As fascinating as this story is I am perplexed by one fact. If you don’t play baseball in England, how did he come by a baseball bat?

    Like

    • sanstorm June 20, 2013 at 14:11 #

      Oh we can buy them. We don’t play, generally. This is the kind of incident they are bought for. Seriously – we are fortunate to have strict gun control here. That’s why the thugs are reduced to using branches and sports equipment.

      Like

      • Al June 20, 2013 at 17:55 #

        So, if someone gets their skull split in two is that called a “double?”

        Like

        • sanstorm June 20, 2013 at 19:30 #

          if that would make the thug think twice 😉

          Like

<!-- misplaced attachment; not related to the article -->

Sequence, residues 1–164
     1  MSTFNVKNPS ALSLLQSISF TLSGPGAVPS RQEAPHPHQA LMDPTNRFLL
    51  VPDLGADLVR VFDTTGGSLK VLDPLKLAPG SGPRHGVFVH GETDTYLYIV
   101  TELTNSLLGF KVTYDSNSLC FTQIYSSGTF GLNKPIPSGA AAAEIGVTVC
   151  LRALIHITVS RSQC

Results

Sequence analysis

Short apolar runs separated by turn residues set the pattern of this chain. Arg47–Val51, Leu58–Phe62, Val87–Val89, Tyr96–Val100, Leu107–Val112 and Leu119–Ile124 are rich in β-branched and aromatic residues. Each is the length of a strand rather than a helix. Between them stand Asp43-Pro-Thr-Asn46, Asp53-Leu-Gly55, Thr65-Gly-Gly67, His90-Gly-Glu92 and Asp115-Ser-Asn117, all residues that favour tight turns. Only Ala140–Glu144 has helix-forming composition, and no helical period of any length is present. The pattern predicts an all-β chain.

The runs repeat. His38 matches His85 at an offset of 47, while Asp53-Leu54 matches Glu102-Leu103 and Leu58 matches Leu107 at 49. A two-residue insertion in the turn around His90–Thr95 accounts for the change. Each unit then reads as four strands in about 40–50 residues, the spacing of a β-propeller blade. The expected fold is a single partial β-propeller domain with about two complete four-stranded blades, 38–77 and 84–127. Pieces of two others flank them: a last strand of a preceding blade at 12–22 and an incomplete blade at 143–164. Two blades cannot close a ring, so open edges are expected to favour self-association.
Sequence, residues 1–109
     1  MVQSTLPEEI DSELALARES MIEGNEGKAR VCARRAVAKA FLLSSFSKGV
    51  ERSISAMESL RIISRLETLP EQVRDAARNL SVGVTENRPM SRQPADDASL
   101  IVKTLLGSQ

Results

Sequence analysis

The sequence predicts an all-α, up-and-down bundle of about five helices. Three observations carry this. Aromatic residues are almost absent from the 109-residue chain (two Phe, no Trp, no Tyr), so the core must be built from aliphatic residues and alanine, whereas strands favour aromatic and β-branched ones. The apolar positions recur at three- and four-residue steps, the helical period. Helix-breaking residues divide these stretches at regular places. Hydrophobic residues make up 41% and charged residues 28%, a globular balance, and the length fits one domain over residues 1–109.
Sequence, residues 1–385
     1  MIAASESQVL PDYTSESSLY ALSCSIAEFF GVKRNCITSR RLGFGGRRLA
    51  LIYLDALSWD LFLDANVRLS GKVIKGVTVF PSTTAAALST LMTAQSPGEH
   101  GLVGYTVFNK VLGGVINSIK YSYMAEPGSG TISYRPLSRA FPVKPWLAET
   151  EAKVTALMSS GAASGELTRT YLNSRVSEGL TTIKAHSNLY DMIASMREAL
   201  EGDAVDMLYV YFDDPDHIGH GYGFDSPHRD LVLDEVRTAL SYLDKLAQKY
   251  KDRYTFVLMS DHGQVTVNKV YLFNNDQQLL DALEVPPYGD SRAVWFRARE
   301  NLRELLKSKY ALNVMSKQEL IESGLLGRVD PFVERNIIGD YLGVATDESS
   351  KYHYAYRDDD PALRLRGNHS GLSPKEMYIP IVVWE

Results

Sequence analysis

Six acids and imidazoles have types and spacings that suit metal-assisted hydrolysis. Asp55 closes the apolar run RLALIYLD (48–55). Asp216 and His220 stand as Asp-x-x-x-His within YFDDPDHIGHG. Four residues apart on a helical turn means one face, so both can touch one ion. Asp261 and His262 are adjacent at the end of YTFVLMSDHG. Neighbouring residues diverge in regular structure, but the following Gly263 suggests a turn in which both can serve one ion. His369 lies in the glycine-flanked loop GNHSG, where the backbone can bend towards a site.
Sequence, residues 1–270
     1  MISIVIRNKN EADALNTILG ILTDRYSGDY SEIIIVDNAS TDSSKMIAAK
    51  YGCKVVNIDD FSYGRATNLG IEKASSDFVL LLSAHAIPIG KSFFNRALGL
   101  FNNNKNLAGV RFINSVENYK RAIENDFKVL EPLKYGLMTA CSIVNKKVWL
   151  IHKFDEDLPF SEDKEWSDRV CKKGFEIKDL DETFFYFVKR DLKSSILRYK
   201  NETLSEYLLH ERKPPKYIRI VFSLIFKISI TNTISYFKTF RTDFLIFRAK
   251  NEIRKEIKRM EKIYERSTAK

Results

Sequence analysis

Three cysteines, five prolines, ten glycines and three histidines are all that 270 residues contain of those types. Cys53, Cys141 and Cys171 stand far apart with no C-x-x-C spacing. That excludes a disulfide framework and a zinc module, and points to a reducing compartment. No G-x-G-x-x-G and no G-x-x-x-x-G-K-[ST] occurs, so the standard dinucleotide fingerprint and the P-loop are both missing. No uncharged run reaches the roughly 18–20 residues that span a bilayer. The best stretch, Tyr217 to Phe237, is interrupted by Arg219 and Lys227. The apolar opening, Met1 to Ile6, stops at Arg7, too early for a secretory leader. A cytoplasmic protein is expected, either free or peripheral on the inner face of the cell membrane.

• The Laughing Housewife June 20, 2013 at 14:24 #

      They are rounders bats but you Americans are always influencing our language on the sly…

      Like

  3. mairedubhtx June 20, 2013 at 13:36 #

    My, what a lot of excitement in your neighborhood!

    Like

  4. slpmartin June 20, 2013 at 14:00 #

    It is indeed a strange world we live it…what a story.

    Like

  5. adinparadise June 20, 2013 at 14:26 #

    Wow! My evening wasn’t nearly as exciting. 🙂

    Like

  6. Grannymar June 20, 2013 at 14:27 #

    Now that is the excitement you can live without. Stay safe.

    Like

  7. laurieanichols June 20, 2013 at 14:45 #

    Despite the fact that the story is of a serious and scary nature, you still gave me a good giggle, especially in the comments section, you’re right, we Americans naturally impose our words on everyone else. There is no getting away from it, mea culpa on behalf of all Americans lol.